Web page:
Dogs are not allowed to accompany you on trails below the rim. If you do plan to venture into the canyon, Grand Canyon Kennel South Rim operates from 7:30 a.m. to 5 p.m. daily.

Tips & Tricks for Fido

"Just 'strollering' by." Photo by @michaelcarnrike, @watsons_dogumentary

Stroll Shoshone Point Trail

The lovely and easy 2-mile out-and-back Shoshone Point Trail inside the national park leads to a picturesque overlook, perfect for a peaceful sunset picnic with your pup. This wide, unpaved dirt path is a good option on days where the more popular paved trails might be too hot for a pooch’s paws. At the end of the trail, the path opens to a large clearing with a covered picnic area, bathrooms and a peninsula jutting out over the canyon, providing a strikingly panoramic view. Despite the gorgeous scenery and ease of the hike, this is one of the quieter Grand Canyon trails. It’s not uncommon to see only a handful of visitors on the trail at any given time, even during the busiest months.

There is no sign at the Shoshone Point trailhead, but the location is marked on area maps. From the small parking lot, enter through the gate and follow the trail for a mile to the overlook. Before you set out, call the Visitor Center to make sure that the picnic area hasn’t been reserved for an event. As with all pet-friendly areas in Grand Canyon National Park, dogs must be leashed at all times and cleaned up after.

"I don't want to meet the dog who dug this hole." Photo by #ADVBeagles

See the Grand Canyon From the “Other Side”

Visiting the North Rim of the Grand Canyon, affectionately known as the “Other Side,” is a pleasant way to view the geological wonder with your canine companion. Leashed dogs are welcome on the 3.2-mile Bridle Trail that connects the North Kaibab Trail and the Arizona Trail to the park’s North Rim entrance. The multi-use trail is appropriate for two- and four-legged hikers of all skill levels, and the forested setting is ideal for those hoping to see wildlife. Experiencing the canyon via the North Rim is also a great way to combine a visit to the Grand Canyon with other nearby dog-friendly attractions like Zion National Park, Bryce Canyon National Park or Best Friends Animal Sanctuary.

The North Rim entrance is open only from mid-May to October, as it is buried in snow the other months of the year.

Taking a break from the car at this awe-inspiring overlook. Photo by Catherine Arki

Experience Epic Views From Your Vehicle

Maybe hiking isn’t Fido’s favorite activity. Take the Desert View Drive instead! This 25-mile roadway allows you and your dog to experience the park without trekking for miles on hot pavement. A drive along Highway 64 brings you (and just about everybody else) to the park's South Rim Entrance. During peak season, traffic can back up for miles along this route. Fortunately, you can take a road less traveled. After a hearty breakfast at the pet-friendly Toasted Owl in Flagstaff, hop on Highway 89 North and enter the park through the lesser-used East Entrance. From here, head west for awe-inspiring vistas of the Painted Desert and the Colorado River, access to picnic areas and multiple panoramic viewpoints.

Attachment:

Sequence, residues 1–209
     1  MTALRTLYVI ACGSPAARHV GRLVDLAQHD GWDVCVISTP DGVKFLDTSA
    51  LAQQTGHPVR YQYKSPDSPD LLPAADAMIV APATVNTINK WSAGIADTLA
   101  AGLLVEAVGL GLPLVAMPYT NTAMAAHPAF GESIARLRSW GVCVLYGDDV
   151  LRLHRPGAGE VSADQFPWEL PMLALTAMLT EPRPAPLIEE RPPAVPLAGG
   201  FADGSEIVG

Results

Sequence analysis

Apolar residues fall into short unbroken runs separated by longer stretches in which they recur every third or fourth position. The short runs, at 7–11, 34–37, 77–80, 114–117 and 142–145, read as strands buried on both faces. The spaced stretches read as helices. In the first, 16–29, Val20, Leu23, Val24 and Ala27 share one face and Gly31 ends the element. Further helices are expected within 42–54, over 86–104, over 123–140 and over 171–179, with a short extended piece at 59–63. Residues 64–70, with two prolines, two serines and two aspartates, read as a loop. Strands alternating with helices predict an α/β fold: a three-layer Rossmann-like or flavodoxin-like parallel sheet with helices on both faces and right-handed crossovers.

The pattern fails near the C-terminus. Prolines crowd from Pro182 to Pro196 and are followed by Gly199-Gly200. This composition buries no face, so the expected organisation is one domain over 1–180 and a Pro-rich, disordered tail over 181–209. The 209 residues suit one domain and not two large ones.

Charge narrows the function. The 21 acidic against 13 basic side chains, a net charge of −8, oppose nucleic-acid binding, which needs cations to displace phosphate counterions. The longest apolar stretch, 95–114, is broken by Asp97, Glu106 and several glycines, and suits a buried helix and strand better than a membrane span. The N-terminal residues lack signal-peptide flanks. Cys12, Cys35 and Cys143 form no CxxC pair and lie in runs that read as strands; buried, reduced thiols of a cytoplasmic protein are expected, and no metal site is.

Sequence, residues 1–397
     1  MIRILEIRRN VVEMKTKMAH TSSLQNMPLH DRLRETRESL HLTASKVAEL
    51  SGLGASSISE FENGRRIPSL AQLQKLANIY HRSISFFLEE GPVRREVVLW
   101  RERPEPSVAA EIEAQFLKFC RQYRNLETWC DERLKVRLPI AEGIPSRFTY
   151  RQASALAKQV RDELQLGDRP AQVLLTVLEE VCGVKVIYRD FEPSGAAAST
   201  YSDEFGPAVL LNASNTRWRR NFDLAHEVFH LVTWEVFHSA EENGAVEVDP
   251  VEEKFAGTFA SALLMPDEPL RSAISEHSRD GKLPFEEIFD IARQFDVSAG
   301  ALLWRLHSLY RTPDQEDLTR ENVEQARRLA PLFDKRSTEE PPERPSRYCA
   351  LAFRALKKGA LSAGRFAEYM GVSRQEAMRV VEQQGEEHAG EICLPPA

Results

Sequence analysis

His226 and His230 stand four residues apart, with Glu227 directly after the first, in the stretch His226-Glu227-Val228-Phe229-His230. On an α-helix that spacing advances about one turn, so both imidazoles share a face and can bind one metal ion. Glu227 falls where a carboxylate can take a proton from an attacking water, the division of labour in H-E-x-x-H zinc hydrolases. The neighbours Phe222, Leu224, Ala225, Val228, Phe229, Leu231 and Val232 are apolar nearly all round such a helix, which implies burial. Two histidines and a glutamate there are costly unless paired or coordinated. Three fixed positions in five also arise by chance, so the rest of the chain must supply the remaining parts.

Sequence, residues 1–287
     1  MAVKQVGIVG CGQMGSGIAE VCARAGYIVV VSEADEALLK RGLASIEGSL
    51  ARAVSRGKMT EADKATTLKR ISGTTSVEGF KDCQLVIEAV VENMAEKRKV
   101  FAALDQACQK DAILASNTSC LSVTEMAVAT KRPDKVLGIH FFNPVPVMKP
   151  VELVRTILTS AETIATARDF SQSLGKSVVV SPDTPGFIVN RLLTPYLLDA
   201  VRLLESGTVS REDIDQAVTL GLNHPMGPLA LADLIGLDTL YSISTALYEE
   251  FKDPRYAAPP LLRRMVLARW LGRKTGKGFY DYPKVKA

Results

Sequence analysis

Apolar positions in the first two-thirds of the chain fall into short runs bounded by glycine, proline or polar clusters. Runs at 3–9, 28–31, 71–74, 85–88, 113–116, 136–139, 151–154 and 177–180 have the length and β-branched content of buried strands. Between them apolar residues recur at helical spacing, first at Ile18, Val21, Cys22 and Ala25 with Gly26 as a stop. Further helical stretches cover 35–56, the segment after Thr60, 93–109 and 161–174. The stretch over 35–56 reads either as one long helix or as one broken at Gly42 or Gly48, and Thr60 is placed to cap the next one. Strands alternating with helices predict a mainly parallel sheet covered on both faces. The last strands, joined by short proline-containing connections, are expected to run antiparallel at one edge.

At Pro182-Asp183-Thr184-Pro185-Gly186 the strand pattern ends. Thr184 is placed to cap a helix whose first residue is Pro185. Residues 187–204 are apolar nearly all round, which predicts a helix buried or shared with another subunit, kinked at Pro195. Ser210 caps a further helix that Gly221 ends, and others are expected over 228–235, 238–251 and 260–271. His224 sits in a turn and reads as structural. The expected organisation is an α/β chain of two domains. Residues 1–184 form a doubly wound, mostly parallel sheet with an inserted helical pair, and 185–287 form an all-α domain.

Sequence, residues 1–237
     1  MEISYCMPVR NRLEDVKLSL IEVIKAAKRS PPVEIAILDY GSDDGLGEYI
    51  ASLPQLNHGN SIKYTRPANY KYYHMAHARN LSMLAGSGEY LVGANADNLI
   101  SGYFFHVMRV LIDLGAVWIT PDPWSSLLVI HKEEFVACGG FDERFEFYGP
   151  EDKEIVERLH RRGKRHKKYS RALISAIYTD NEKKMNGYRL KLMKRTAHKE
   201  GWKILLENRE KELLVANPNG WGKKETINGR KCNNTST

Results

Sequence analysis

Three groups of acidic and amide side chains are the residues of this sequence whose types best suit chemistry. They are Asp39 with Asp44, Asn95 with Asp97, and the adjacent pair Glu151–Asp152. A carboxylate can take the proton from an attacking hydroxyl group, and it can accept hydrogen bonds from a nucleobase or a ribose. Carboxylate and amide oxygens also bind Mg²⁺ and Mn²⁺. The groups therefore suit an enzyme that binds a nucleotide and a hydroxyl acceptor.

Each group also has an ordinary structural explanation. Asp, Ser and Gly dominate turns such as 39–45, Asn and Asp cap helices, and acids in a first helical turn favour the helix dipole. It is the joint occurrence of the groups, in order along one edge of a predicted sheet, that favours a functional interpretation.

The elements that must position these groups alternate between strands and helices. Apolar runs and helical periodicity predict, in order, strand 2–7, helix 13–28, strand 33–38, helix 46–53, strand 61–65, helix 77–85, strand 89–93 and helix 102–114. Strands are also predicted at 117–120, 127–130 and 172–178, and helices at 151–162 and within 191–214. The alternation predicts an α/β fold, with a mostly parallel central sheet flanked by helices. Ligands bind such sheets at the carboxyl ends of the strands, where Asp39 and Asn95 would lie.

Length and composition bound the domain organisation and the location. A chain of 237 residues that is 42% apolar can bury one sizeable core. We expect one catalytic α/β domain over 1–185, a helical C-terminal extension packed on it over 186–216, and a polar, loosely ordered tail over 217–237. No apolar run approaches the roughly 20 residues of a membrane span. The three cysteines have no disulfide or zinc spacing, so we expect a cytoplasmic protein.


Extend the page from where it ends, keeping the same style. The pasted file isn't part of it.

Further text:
Leashed dogs are permitted on established roads and at the Desert View Campground.

"I am the coyote."Photo by Happy Tails Tours

Let Someone Else Do the Prep Work

If planning such an expedition is daunting, reach out to the pros at Happy Tails Tours. The Coyote - A Southwest USA 8 Day Tour takes you and your four-legged adventure companion on an epic expedition which includes a visit to the Grand Canyon, Monument Valley and more iconic spots while hiking, rafting and touring in jeeps as you go.

Tour rates start at $70.

A Grand Canyon Experience for the Adventurous Dog

Jeep to Tuweep. Photo by Flickr/au_ears

If you’re willing to go way, way off the beaten path, take your canine adventurer off-roading to Tuweep. This remote area is located in the Arizona Strip, an isolated region along the North Rim of the western Grand Canyon. Only high-clearance vehicles can negotiate the rough terrain, cell phone service is spotty, and a tow can cost you a few thousand dollars, so it’s important that your dog and your vehicle are prepared for the journey. It takes about two hours to get to Toroweap Overlook at the edge of the canyon, but from here you and your furry explorer will be treated to expansive views. To witness a sunset and sunrise like nowhere else in the world, pitch a tent with your pup at one of the 10 rustic Tuweep Campground sites instead of heading back right away. The unique campground is sheltered by overhangs of Esplanade Sandstone and features picnic tables and composting toilets to complete the full glamping experience.

Tuweep is part of Grand Canyon National Park's North Rim. Dogs must be leashed and are only permitted on established roads and at the campground. Permits are required to camp at Tuweep and can be purchased on the National Park Service website.

What was your dog’s favorite part about visiting the Grand Canyon? Leave a comment or tweet us @BringFido!